Usually, the term “faux outrage” loosely translates from the French into “someone else’s outrage, which I am not acknowledging as in any
way valid on account of I don’t want to.’’
But in a political system in which attacks are so reliably monetized, Ann Romney couldn’t help woohooing about how profitably she’d been disrespected by Democratic consultant Hilary Rosen, who commented on cable news that Mrs. Romney had “actually never worked a day in her life.’’
Ca-ching, the candidate’s wife exulted.
At a fund-raiser in Palm Beach, Florida, over the weekend, Mrs. Romney not only showed no hint of outrage, faux or otherwise, but was really kind of giddy: “It was my early birthday present for someone to be critical of me as a mother,’’ reporters overheard her telling supporters. “And that was really a defining moment, and I loved it.’’
Now, when I wrote last week that the Romneys owed Rosen a thank-you note, I didn’t expect them to agree while wearing a microphone. But as a spouse unfairly maligned, a mom denied her due, what was not to love? And no one can say her delight was inauthentic.
Yet mostly, Michelle Obama has passed on the perquisites of victimhood. Perhaps because, as she told Gayle King the one time I do remember her giving voice to some umbrage: “I guess it’s more interesting to imagine this conflicted situation here and a strong woman. But that’s been an image that people have tried to paint of me since the day Barack announced. That I’m some angry black woman.”
She hasn’t made that mistake again. And Ann Romney wasn’t so foolish as to pretend to have been wounded by Rosen’s remarks, either; that’s why God made surrogates, and the campaign sent them out to do so in her stead, on behalf of mothers everywhere.
So far, it doesn’t seem to have hurt her any to have been caught celebrating Rosen’s remarks. It probably won’t, either, because after Obama and half of his campaign team rushed to say spouses should be off limits, they’re not about to double back and make a big deal of it.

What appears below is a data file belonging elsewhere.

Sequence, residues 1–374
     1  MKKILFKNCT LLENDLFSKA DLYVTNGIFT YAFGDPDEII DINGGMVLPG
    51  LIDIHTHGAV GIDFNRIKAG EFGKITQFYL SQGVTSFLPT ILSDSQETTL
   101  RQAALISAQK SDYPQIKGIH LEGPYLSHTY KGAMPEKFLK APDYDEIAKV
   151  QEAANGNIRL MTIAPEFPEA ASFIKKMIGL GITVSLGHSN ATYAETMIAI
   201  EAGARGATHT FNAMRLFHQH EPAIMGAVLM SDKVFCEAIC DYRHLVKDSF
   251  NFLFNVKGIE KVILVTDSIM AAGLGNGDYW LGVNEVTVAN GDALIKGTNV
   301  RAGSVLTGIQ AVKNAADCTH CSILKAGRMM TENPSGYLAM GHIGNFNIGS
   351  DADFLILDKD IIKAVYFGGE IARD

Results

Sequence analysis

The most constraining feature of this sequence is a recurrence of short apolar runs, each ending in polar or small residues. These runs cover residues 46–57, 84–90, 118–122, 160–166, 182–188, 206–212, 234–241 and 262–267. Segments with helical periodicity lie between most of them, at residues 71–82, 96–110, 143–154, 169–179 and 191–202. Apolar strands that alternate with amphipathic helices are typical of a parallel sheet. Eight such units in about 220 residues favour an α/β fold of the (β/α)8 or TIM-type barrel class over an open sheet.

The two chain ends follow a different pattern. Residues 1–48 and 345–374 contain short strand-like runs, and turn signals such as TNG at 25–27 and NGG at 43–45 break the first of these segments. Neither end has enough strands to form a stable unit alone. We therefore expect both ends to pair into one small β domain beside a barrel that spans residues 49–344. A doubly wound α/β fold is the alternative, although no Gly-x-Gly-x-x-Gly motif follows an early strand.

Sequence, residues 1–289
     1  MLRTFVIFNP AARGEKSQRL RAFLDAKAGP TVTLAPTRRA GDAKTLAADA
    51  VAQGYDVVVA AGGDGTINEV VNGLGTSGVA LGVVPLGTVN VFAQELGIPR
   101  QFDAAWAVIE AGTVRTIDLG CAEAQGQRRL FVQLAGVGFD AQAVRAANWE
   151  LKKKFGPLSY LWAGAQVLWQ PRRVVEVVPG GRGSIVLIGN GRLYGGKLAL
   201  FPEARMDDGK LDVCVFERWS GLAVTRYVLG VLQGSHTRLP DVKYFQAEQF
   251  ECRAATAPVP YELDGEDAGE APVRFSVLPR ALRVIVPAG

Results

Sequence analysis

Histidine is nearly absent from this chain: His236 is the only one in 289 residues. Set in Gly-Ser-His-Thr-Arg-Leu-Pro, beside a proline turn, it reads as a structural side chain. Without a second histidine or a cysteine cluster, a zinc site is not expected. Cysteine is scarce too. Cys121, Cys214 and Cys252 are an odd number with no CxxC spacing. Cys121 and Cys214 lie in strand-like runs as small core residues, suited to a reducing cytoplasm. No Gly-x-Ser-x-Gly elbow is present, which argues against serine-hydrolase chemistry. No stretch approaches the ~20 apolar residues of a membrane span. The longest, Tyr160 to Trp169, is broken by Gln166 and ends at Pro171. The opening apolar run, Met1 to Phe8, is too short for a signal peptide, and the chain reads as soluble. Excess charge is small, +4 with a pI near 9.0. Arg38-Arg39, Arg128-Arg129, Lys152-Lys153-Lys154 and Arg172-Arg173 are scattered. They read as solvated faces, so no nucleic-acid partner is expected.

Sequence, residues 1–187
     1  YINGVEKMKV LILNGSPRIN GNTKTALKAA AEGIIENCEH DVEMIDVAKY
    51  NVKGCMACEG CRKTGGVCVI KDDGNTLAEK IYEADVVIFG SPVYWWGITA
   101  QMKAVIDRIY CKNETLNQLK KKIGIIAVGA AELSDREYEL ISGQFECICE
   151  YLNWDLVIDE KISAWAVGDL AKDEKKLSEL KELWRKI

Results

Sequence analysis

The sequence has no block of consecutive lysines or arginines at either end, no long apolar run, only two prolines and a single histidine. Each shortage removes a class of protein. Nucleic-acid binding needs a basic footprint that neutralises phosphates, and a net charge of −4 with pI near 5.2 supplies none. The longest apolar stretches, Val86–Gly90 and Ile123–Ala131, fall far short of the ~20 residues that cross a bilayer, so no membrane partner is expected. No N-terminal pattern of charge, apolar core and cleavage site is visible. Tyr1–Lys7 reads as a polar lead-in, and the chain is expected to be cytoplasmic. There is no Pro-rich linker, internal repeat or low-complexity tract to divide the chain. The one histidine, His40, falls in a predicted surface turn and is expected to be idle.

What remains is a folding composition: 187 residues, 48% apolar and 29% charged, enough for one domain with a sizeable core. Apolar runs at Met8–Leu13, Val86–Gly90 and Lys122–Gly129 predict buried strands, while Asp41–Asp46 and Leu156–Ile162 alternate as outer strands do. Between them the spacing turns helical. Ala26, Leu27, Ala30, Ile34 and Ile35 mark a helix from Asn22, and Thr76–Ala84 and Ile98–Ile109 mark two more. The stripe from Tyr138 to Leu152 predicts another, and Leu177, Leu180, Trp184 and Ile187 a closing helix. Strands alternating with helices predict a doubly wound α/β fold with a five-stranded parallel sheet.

Now that the Romneys have been busted high-fiving over the insult, though, milking it any further is not a plan, either — and I hope they won’t try to spin comedian (and self-funded Green Party presidential candidate) Roseanne Barr’s rude and baseless speculation about how much help Ann Romney had while raising her five sons as anything other than a bid for attention.
(“Mrs. Mitt Romney claims to have worked her toned *&% off, raising five Romney males all on her own, as privileged wives often do,” Barr wrote in the Daily Beast. “But, no, Ann, I call bull*&^% on your Big Mama story, girlfriend.” Okay, and I call what she said on that column, though it’s not worth getting excited over.)
The “real housewives” of the campaign trail do have a hard and often thankless job, and a schedule that involves plenty of actual work. Yet politics is also enough like reality TV that it is infinitely better to be the aggrieved party -- the housewife having wine tossed in her face for the umpteenth time -- than the one who’s doing the tossing.
But then you just pat it dry, without looking either too offended or too pleased, and get right back to selling the candidate.
Melinda Henneberger is a Post political writer and anchors the paper’s ‘She the People’ blog. Follow her on Twitter at @MelindaDC.